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Fires may be put out before they light up

Call analysis sets Red Cross on proactive path in ZIP code 97211
by:  L.E. BASKOW, Red Cross workers gather last week at Humboldt Elementary School to fan out and knock on some 1,600 doors in the neighborhood and talk about fire and disaster prevention.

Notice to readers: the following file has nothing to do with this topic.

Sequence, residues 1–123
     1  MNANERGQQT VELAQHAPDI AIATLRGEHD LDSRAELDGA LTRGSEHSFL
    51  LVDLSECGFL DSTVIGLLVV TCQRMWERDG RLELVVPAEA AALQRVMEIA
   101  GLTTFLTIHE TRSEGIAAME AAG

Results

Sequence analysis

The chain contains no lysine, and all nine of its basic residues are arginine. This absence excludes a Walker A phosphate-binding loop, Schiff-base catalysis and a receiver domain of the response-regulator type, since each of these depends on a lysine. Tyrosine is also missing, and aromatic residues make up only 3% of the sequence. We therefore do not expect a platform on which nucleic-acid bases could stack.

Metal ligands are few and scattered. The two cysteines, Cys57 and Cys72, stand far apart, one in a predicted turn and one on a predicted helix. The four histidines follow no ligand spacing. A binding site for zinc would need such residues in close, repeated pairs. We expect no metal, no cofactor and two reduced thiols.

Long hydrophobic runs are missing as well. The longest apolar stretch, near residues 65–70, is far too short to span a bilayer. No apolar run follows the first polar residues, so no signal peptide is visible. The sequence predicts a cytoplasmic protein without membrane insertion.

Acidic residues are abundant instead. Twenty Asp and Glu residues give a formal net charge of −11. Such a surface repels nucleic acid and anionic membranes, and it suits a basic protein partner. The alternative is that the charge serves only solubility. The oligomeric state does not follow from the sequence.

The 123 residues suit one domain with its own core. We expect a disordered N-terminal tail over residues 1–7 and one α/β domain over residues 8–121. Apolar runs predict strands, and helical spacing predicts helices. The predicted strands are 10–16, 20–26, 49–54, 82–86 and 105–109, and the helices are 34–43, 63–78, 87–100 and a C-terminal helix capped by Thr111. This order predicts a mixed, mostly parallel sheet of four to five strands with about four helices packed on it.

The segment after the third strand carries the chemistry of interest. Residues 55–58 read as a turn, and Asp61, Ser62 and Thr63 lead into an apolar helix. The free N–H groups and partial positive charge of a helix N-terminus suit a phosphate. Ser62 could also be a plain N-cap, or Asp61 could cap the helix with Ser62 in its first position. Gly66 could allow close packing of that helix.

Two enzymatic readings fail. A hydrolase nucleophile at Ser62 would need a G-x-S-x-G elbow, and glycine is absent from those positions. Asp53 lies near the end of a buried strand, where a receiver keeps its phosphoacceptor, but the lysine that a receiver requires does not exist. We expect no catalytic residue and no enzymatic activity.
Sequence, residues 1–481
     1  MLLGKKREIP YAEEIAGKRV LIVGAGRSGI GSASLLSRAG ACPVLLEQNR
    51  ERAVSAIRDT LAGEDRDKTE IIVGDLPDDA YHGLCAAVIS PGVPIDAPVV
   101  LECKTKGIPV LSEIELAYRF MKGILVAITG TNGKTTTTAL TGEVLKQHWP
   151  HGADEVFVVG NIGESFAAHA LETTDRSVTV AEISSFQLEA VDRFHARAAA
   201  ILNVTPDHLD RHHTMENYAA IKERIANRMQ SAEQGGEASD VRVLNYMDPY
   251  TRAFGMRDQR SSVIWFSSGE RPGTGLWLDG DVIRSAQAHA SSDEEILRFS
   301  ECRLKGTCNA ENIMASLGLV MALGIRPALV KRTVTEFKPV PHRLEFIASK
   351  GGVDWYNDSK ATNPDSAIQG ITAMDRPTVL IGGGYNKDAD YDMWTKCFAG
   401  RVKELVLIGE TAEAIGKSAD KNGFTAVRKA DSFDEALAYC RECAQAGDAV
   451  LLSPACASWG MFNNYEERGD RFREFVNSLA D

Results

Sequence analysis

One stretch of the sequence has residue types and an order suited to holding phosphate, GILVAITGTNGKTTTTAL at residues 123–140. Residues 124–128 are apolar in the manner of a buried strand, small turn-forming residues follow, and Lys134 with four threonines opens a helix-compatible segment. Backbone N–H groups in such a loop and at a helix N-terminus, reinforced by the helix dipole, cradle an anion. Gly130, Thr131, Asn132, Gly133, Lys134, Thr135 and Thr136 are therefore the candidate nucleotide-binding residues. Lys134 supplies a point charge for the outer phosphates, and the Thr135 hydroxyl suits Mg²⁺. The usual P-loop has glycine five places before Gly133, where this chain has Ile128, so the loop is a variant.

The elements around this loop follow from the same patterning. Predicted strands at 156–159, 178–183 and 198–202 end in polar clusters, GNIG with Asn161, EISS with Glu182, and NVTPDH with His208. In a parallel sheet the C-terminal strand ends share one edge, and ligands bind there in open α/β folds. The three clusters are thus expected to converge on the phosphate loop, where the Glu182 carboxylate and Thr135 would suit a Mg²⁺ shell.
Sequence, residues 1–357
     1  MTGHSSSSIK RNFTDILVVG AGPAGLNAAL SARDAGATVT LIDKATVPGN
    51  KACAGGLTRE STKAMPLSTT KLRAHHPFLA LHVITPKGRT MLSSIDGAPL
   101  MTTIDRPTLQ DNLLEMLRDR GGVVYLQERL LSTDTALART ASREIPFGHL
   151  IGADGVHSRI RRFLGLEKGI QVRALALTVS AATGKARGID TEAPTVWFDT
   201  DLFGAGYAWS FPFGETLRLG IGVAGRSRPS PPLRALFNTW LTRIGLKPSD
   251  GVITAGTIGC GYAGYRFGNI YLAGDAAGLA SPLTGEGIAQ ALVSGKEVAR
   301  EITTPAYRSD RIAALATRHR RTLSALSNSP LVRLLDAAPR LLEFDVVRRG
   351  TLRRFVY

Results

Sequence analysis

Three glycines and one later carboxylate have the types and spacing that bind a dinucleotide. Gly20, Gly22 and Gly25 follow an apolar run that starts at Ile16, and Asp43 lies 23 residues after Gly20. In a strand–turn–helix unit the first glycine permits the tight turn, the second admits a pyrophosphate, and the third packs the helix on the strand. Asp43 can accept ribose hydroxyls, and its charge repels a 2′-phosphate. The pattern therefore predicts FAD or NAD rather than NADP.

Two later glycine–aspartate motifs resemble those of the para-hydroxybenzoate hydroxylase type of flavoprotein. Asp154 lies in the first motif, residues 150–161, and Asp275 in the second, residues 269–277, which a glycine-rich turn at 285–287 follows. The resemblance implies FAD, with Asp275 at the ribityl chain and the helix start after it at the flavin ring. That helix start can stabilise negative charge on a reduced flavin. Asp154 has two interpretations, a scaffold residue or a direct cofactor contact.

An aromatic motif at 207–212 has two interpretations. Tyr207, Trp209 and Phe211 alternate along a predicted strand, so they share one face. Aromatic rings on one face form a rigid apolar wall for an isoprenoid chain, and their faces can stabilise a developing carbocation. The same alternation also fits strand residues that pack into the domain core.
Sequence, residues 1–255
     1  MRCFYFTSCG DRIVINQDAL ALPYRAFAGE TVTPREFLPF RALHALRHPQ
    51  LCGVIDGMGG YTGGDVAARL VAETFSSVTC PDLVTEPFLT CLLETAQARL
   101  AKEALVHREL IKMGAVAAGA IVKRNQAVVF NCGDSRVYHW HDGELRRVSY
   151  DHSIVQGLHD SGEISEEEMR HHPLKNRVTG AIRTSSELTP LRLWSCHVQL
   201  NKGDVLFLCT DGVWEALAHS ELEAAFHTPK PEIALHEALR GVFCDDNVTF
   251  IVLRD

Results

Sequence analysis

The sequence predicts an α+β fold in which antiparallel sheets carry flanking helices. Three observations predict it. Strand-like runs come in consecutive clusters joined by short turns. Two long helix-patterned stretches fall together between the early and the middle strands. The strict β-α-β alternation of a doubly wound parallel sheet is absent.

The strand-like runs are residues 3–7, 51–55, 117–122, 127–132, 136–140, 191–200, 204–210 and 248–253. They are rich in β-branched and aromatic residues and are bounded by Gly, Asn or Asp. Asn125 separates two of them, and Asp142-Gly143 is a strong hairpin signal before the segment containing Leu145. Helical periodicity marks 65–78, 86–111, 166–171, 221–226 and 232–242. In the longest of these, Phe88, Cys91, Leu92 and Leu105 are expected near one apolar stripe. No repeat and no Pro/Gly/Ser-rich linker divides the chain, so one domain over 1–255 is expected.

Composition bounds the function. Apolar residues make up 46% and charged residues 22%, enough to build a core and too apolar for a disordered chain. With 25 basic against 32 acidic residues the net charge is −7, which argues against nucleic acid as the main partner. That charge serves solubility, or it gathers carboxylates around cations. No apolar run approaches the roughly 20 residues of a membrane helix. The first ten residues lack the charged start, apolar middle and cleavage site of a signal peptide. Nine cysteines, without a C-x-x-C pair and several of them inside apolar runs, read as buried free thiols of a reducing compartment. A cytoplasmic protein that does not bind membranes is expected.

For the first time, Portland-area Red Cross officials mapped out the numbers. And the numbers were stark. From July 2005 through June 2007, the Portland-area chapter of the American Red Cross had been called to a Northwest Portland ZIP code — to help people who suffered devastating house and apartment fires — more often than any other ZIP code in Multnomah County and six surrounding counties. The number of responses to the ZIP code — 97211 — was four the average for a ZIP code in the seven counties. The counties are Multnomah, Washington, Clackamas, Yamhill, Columbia, Clatsop and Tillamook. So late last week, for the first time, Red Cross staff and volunteers directly responded to those numbers. Dozens of staffers and volunteers dispersed throughout the Humboldt neighborhood, within ZIP code 97211, to knock on doors, talk to residents and distribute information on fire and disaster prevention. More than 60 people distributed information last Friday; more than 50 did last Saturday. In total, they knocked on 1,600 doors, said Linda Swift, emergency preparedness manager for Portland’s Oregon Trail chapter of the American Red Cross. “We’re looking at being not only reactive,” Swift said. “Our focus now is to get to people before — to prevent and prepare for disasters before they occur.” But the Red Cross numbers for 97211 don’t appear to be totally a reflection of the number of fires in the area. Portland Fire Bureau statistics — while not tracked in exactly the same way — do not show a disproportionately large number of fires in the zip code. Fire bureau officials, and Red Cross officials, say the Red Cross numbers may reflect the fact that people in the area, which has significant pockets of poverty, more often need Red Cross help when they suffer devastating fires. Lt. Allen Oswalt, a spokesman for the fire bureau, said fire officials ask people who are displaced from homes or apartments whether they have a place to stay, or whether they would like fire officials to call the Red Cross for help. The Red Cross numbers also reflect those calls for help. Lise Harwin, a spokeswoman for the Red Cross, said that of seven recent 97211 fires for which the Red Cross has responded, six of the homeowners had no fire insurance. Rodney Rogers, a disaster operations specialist for the Oregon Trail Red Cross chapter, said that when he answered calls for disaster assistance in the area, “what I noticed was the majority of people we assisted did not have the immediate means to find a hotel room, to just kind of pick up immediately. They weren’t as well off as a lot of the community.” Red Cross officials said they hope spreading prevention information like they did last week might help avoid future fires. They also said they plan to do future awareness projects every three months — next in a high-response neighborhood in Southeast Portland and then in a neighborhood in Hillsboro. This email address is being protected from spambots. You need JavaScript enabled to view it.